If you find yourself confused and in the dark, there are two ways to find clarity:  use a flashlight or patiently wait until the sun rises.

Monday, October 20, 2014

The Difference Between Good Ideas and Bad Ideas

I've figured out the difference between good and bad ideas.  Good ideas are the ones we create.  Bad ideas are the ones other people concoct and expect us to endorse.

In other words, if it's my idea -- it's grand!  If it's your idea, it's bland.  At least, that's what most of us think.  We tend to support what we create.

"Nobdy likes change," said Mark Twin, "except a baby in dirty diapers,"  Maybe we should add, "unless it is their idea."

So, how do we implement change in our family, community, church or workplace?

Start by listening.  Hear other people's good ideas and, if possible, agree wtih them.  Realize you don't have the corner of the insight market.  

If you are the only one who thinks something should (or should not) be done, you are either a visionary or wrong.

If you are a visionary, others will join your bandwagon eventually, and it will be their idea too.  It's amazing what can be accomplished if we don't care who gets the credit.

If you are wrong, you will be trekking up the mountain alone.  As the old Chinese proverb says, "He that thinks he leads but has no one following is only taking a hike."

God's ideas are always good ideas.  Ideas inspired by faith and prayer are beautiful.  Others are inspired by our inspiration.

I once heard leadership guru,John Maxwell say people never change until staying the same is too painful, or if the new idea is too wonderful to pass up.

In other words, we change when hurt enough or dream enough.  I prefer dreaming over hurting.  Sometimes it takes both.

One thing is certain -- you can change without growing, but you cannot grow without changing.

Life is all about change, and it doesn't do much good to resist it.

When the waves of change are rolling and they're headed somewhere near your desired destination, grab a surf board and hang on!

Tuesday, October 14, 2014

The Purpose of Theology is Doxology

"We should never forget that the purpose of theology is doxology; we study in order to praise.  The truest expression of trust in God will always be worship to praise God for being greater than we know."
--  Geneva Study Bible note

Monday, October 13, 2014

No God But Allah Dollars

A friend forwarded an e-mail expressing concern about the emergence of dollars stamped with "No God But Allah."

So far, we have not seen any of those in Hayward.  If one shows up in the collection plate, we will deposit it.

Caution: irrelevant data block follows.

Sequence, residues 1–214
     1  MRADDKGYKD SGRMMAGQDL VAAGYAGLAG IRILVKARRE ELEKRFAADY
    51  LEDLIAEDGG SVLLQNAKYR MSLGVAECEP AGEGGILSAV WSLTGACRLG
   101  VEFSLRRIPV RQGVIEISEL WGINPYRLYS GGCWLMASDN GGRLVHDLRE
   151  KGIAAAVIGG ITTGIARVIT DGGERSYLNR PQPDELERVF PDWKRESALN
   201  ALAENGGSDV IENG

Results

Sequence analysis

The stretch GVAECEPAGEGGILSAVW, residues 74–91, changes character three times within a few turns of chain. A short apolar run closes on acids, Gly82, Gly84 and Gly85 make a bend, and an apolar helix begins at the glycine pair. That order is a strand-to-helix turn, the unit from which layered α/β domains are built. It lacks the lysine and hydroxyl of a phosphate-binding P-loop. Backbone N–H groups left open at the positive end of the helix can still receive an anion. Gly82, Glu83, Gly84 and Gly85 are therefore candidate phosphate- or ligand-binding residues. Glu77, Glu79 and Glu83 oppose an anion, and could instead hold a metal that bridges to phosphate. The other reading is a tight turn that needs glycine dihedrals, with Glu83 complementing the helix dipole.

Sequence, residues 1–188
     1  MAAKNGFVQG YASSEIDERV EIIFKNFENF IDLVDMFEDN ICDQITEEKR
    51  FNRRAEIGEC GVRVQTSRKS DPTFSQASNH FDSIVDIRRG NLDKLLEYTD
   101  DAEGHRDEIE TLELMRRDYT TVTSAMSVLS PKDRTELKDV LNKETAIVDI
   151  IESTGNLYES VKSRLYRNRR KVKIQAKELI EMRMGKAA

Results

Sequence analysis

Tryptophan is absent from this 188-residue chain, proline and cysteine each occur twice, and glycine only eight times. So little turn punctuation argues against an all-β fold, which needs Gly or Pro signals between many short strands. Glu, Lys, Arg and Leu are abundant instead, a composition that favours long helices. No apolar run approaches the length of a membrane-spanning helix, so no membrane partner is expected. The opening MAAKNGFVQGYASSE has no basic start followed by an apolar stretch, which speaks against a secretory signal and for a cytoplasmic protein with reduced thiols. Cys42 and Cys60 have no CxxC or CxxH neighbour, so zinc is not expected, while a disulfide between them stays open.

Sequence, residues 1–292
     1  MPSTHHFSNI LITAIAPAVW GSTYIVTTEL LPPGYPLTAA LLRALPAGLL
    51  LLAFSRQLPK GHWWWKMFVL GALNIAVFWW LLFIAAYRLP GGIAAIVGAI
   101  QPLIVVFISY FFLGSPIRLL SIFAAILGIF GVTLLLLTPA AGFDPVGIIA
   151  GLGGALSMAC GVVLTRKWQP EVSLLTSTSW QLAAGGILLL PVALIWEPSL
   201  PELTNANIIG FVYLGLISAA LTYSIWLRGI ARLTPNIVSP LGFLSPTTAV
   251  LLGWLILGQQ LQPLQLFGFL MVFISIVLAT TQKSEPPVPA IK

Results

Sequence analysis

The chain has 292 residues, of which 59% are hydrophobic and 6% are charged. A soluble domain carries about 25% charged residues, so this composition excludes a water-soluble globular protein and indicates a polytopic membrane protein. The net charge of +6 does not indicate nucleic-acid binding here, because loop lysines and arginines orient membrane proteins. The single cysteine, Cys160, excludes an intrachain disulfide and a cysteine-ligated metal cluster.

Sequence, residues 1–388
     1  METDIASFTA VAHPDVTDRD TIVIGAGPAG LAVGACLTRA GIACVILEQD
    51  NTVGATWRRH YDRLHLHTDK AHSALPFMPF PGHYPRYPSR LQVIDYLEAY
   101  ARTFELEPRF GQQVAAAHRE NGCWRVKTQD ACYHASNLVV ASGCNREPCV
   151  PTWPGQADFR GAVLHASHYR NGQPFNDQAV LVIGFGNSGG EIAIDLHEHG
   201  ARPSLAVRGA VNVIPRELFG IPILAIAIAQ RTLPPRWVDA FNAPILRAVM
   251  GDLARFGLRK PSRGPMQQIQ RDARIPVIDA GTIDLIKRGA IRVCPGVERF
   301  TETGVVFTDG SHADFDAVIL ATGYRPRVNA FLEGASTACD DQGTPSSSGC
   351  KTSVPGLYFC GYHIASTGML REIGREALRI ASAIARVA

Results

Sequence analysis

Saturday, October 11, 2014

The Splendid Summer Dance

A poem I wrote a while back blending reflections on the grand finale of summer with my daughter's ballet recital:

Summer danced upon the stage
A slow ballet -- but halting.

The curtain, parting,
whispers hints of happy moments
this summertide may bring


A timid pause, then from the spring
on tip toe pirouetting --
Summer's here!


Magic gliding to the tune of
green grass, and azure sky
A choreography that flows so gracefully from June into July.


Capturing our breath, our hearts, uniting
and soulful happy thoughts begetting
The shorter days of August sadly hinting
that the dance is almost at an end.


And hardly just begun -- September coda.
Our summer dance is over.
How quickly good times fly.


A graceful bow
A glorious end, and then
The lights are dimmed.

The curtain falls
Green fades to autumn tones.
The silent dancer
leaves the stage --
contented, but alone


While the audience rises and wiping an eye,
salutes the glorious coryphee
With grateful hearts, and thundering applause.

"Thank You! Well Done! Bravo!"

Friday, October 10, 2014

Healing Troubled Hearts

Recently I had the privilege of reading HealingTroubled Hearts Through Exchanges With the Master, by therapist and minister, Dr. William Day.  Or, perhaps it would be more accurate to say this book read me.

Drawing from his own painful pilgrimage to inner healing from childhood emotional wounds, Day presents a profound and beautiful approach to integration and wholeness.  Each page is packed with rich meaning.

The first section of the book shares his story -- from the "chosen one" in the family to be a Catholic priest -- a lack of affection from his father -- going to boarding school to be trained by priests -- walking away from it all -- then zagging through life -- as a humanistic social worker -- then a New Age cult member -- a transpersonal psychologist -- and finally a Christian minister, after a dramatic spiritual conversion.

Throughout, Day does not just tell about his life -- but interprets it.  The meaning he draws from these experiences is quite profound.

Long after his spiritual conversion, Day still found himself struggling with old thought patterns, and wounds from the past.  There seemed to be a disconnect between what he knew in his head and felt in his heart.  One day, while counseling a client, he witnessed the power of Christ's healing presence for painful memories.  This began a quest to understand the true nature of his own inner healing and transformation.

The second half of the book is a guide for helping others towards wholeness, with many powerful insights.